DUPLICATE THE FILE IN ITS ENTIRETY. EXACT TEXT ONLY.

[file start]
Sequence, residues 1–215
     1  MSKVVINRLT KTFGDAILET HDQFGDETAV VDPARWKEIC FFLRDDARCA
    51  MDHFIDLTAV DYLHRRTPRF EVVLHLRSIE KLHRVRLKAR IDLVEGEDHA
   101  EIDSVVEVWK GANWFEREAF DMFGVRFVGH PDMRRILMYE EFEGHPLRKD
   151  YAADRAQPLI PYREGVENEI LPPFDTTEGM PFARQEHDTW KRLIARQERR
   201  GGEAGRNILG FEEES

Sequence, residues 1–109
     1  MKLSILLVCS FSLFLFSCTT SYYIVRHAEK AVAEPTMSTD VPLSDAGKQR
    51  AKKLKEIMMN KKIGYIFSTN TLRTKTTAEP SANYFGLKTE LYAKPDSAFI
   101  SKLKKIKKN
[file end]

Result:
Sequence, residues 1–215
     1  MSKVVINRLT KTFGDAILET HDQFGDETAV VDPARWKEIC FFLRDDARCA
    51  MDHFIDLTAV DYLHRRTPRF EVVLHLRSIE KLHRVRLKAR IDLVEGEDHA
   101  EIDSVVEVWK GANWFEREAF DMFGVRFVGH PDMRRILMYE EFEGHPLRKD
   151  YAADRAQPLI PYREGVENEI LPPFDTTEGM PFARQEHDTW KRLIARQERR
   201  GGEAGRNILG FEEES

Sequence, residues 1–109
     1  MKLSILLVCS FSLFLFSCTT SYYIVRHAEK AVAEPTMSTD VPLSDAGKQR
    51  AKKLKEIMMN KKIGYIFSTN TLRTKTTAEP SANYFGLKTE LYAKPDSAFI
   101  SKLKKIKKN